Large-scale Forest Landscape Restoration in Africa

Land degradation and loss of forests exacerbated by climate change and unsustainable land use practices in Africa threaten primarily the vital ecological functions of land, its productivity, food and water security. Poor resource governance, little access to innovation and resources and unfavorable policies prevent countries from bringing FLR to scale. The project thus aims at increasing the economic, ecological and climate-related benefits from large-scale FLR in the partner countries. The project will provide field support, capacity building and policy advice to restore FLR at ground level, unblock large-scale FLR, leverage resources for FLR, share FLR experiences and monitor FLR results. By establishing new carbon stocks and reducing pressure on existing ones, this project mitigates climate change, increases resilience and protects biodiversity.

Project data

Cameroon, Kenya, Malawi, Rwanda
IKI funding
23,500,000.00 €
Included preparation phase
509,162.49 €
09/2019 till 06/2025
Implementing organisation
Deutsche Gesellschaft für Internationale Zusammenarbeit (GIZ) GmbH
Political Partner
  • Ministry of Ecology, Geology and Nature Protection – Kazakhstan
  • Ministry of Environment, Nature Protection and Sustainable Development (MINEPDD) - Cameroon
  • Ministry of Environment - Rwanda
  • Ministry of Environment and Forestry - Kenya
  • Ministry of Forestry and Wildlife - Cameroon
  • Ministry of Natural Resources, Energy and Environment - Malawi
Implementing Partner
  • African Union Development Agency (AUDA-NEPAD)
  • Food and Agriculture Organization of the United Nations (FAO)
  • International Union for Conservation of Nature and Natural Resources (IUCN) - Eastern and Southern Africa Regional Office
  • The World Bank Group
  • World Resources Institute (WRI)
  • World Wide Fund for Nature (WWF) - Germany

State of implementation/results

  • The project has finalized baseline studies for all four countries as a starting point for the upcoming participative Restoration Plans and following restoration activities.
  • In Malawi, the Country Partners generated media publicity through the District Tree Planting Season Launch event in Mpira Catchment with FAO and IUCN DG. Since a first planning exercise 1,700 fruit tree seedlings, 20,000 giant bamboo seedlings and 50,000 forest tree seedlings.
  • In Rwanda, IUCN organized a tree planting event with the contestants of Miss Rwanda 2022 to reach out to young people to address forest related issues.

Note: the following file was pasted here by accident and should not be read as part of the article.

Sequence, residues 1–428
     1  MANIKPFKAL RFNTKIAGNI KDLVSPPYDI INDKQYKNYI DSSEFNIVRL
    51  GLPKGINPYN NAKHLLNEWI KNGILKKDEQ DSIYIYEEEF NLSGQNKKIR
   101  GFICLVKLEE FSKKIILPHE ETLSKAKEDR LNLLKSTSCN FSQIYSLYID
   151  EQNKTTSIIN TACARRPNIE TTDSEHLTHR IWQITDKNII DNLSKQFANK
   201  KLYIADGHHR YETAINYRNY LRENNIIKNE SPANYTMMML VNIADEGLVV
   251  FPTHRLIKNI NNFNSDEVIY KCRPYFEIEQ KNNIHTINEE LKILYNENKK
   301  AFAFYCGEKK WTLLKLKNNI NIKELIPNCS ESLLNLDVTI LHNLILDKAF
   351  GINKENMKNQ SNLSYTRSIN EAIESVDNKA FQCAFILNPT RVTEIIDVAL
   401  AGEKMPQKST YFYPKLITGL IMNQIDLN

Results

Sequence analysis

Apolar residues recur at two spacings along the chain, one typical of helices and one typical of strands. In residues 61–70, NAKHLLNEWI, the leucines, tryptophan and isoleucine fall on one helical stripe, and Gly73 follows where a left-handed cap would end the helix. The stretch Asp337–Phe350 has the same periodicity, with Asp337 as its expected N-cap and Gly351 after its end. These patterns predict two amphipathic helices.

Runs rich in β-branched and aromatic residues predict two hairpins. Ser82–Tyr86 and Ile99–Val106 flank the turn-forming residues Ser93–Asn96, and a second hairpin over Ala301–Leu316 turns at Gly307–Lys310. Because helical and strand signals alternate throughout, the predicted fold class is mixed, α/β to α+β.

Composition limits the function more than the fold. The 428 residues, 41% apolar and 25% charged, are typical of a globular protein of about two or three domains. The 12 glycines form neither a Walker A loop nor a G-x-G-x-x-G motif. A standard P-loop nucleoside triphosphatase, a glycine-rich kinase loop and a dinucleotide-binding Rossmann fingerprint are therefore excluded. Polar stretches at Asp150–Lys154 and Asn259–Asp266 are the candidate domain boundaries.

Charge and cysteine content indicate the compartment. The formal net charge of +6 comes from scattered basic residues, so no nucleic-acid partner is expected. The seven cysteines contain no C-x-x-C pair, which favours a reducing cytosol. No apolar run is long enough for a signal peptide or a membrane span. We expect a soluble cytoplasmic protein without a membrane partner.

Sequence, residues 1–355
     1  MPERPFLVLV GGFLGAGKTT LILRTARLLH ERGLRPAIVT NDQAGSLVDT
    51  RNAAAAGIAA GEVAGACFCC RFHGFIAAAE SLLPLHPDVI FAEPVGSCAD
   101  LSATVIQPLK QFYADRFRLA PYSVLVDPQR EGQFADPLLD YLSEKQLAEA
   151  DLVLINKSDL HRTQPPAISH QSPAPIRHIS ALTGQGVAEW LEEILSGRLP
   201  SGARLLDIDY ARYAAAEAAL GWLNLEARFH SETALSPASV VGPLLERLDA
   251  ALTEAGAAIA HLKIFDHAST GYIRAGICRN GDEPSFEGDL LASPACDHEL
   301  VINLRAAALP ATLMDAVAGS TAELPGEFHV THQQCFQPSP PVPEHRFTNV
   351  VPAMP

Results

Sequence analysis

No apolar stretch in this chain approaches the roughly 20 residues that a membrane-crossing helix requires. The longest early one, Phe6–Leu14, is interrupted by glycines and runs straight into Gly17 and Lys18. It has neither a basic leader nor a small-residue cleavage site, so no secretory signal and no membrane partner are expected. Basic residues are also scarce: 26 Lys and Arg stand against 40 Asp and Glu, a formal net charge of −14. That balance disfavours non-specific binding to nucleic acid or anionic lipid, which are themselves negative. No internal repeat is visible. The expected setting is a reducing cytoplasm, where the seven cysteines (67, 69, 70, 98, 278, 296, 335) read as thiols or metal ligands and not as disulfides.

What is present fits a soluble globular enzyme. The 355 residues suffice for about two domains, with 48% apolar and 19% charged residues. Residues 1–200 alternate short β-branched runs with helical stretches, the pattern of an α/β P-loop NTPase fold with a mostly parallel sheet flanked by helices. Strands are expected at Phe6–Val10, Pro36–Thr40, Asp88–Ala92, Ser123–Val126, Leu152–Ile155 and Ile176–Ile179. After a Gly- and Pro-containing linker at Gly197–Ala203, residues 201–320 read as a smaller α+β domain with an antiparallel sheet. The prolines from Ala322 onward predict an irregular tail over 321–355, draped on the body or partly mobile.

• In Cameroon the activities focused on the exchange, consultation, and negotiations with stakeholders like political partners and community representatives. This included several joint site visits to identify hotspots and allow participative decision-making processes.
  • An AFR100 Monitoring Working Group (WG) has been convened and is leading work on establishing a monitoring framework for AFR100 and drafting the first “State of AFR100 Implementation Report”.
  • FAO, WRI and IUCN have actively participated in the setting up of the National Forest Landscape Restoration (FLR) Cross-sectoral Platform in Malawi.
  • The project team in Kenya collaborated with other partners to support the Government of Kenya to establish a national FLR monitoring working group.
  • WRI, with Fledge and AUDA-NEPAD, kicked-off the fourth edition of the Land Accelerator Africa in February 2022 (…). WRI published an article detailing the financing gaps that entrepreneurs who restore land in Africa are facing (…). WRI also published a blog in October 2021 outlining the challenges of monitoring restoration in Africa and steps to improve existing systems (…).
  • In Kenya, construction and support of a model tree nursery has started. In the long term, the aim is to increase the productivity of the nursery and to increase the number of native tree species. As a first restoration effort at the end of the short rainy season, 50 hectares of land was restored through tree planting (38 hectares) and invasive plant control (12 hectares).
  • All project countries have established their National Programme Steering Committees to ensure participatory landscape restoration and alignment with national efforts. The committees consist of representatives from local communities, political partners, restoration contractors, NGOs, watershed management organizations, cooperatives as well as religious or traditional leaders.

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